What Are the Protections Used For Transformers

What Are The Protections Used For Transformers

The electrical equipment and circuits in a substation must be protected in order to limit the damages due to abnormal currents and over voltages.

All equipment installed in a power electrical system have standardized ratings for short-time withstand current and short duration power frequency voltage. The role of the protections is to ensure that these withstand limits can never be exceeded, therefore clearing the faults as fast as possible.

In addition to this first requirement a system of protection must be selective. Selectivity means that any fault must be cleared by the device of current interruption (circuit breaker or fuses) being the nearest to the fault, even if the fault is detected by other protections associated with other interruption devices.

As an example for a short circuit occurring on the secondary side of a power transformer, only the circuit breaker installed on the secondary must trip. The circuit breaker installed on the primary side must remain closed. For a transformer protected with MV fuses, the fuses must not blow.

They are typically two main devices able to interrupt fault currents, circuit breakers and fuses :

  • The circuit breakers must be associated with a protection relay having three main functions:
    • Measurement of the currents
    • Detection of the faults
    • Emission of a tripping order to the breaker
  • The fuses blow under certain fault conditions.

Transformer Protection

Stresses generated by the supply

Two types of over voltages may stress and even destroy a transformer:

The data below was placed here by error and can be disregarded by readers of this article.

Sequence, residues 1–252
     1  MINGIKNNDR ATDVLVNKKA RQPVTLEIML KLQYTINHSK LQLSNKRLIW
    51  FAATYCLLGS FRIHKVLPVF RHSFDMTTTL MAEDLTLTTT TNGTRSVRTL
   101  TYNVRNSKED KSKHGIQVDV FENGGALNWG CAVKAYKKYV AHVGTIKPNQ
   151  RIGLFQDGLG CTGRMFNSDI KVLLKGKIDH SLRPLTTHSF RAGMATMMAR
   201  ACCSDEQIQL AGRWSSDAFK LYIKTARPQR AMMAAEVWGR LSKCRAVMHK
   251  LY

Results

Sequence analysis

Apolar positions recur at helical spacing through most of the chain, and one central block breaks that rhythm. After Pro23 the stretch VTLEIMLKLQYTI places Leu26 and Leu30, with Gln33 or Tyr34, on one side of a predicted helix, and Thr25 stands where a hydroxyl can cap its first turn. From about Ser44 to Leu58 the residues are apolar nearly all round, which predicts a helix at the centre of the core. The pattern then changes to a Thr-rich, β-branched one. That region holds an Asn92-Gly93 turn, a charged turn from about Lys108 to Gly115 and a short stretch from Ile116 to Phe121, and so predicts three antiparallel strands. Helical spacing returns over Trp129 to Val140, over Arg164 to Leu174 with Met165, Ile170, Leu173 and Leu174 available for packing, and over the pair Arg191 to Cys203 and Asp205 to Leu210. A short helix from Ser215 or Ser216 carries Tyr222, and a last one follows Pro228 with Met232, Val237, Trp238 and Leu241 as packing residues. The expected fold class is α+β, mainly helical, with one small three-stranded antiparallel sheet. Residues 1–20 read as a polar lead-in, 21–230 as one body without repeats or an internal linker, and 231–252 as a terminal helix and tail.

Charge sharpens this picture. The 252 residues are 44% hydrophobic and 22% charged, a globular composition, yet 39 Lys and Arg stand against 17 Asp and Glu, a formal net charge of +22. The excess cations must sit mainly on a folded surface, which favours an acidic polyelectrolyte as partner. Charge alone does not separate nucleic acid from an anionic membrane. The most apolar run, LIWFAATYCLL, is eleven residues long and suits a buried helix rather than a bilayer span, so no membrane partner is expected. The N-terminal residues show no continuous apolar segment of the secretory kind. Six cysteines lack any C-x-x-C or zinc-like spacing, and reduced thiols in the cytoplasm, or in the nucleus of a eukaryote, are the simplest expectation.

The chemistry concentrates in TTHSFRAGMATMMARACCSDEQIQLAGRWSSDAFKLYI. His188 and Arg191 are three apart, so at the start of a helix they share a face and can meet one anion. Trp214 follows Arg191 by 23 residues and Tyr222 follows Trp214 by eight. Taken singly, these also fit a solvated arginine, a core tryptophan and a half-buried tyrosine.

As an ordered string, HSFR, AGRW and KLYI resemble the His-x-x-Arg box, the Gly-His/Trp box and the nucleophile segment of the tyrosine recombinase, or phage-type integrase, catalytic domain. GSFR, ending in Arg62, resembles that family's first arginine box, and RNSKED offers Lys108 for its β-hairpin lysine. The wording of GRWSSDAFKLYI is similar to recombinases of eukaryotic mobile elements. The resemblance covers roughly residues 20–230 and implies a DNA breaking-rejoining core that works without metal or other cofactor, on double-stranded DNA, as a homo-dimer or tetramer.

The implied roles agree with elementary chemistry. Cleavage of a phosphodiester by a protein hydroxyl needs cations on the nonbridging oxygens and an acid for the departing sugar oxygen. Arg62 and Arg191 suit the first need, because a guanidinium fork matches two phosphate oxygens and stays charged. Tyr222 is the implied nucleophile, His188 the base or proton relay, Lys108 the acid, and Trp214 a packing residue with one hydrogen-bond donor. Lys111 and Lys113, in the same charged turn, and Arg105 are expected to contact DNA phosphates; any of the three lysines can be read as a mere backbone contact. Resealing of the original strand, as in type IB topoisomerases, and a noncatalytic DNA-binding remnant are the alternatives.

• The lightning over voltages due to lightning stroke falling on or near an overhead line supplying the installation where the transformer is installed
  • The switching over voltages generated by the opening of a circuit breaker or a load break switch for instance.

Depending of the application, protection against these two types of voltage surges may be necessary and are often ensured by means of ZnO surge arrestors preferably connected on the MV bushing of the transformer.

Stresses due to the load

A transformer overload is always due to an increase of the apparent power demand (kVA) of the installation. This increase of the demand can be the consequence of either a progressive adjunction of loads or an extension of the installation itself. The effect of any overload is an increase of the temperature of oil and windings of the transformer with a reduction of its life time.

The protection of a transformer against the overloads is performed by a dedicated protection usually called thermal overload relay. This type of protection simulates the temperature of the transformer’s windings. The simulation is based on the measure of the current and on the thermal time constant of the transformer. Some relays are able to take into account the effect of harmonics of the current due to non-linear loads such as rectifiers, computers, variable speed drives etc. This type of relay is also able to evaluate the remaining time before the emission of the tripping order and the time delay before re-energizing the transformer.

In addition, oil-filled transformers are equipped with thermostats controlling the temperature of the oil.

Dry-type transformers use heat sensors embedded in the hottest part of the windings insulation.

Each of these devices (thermal relay, thermostat, heat sensors) generally provides two levels of detection: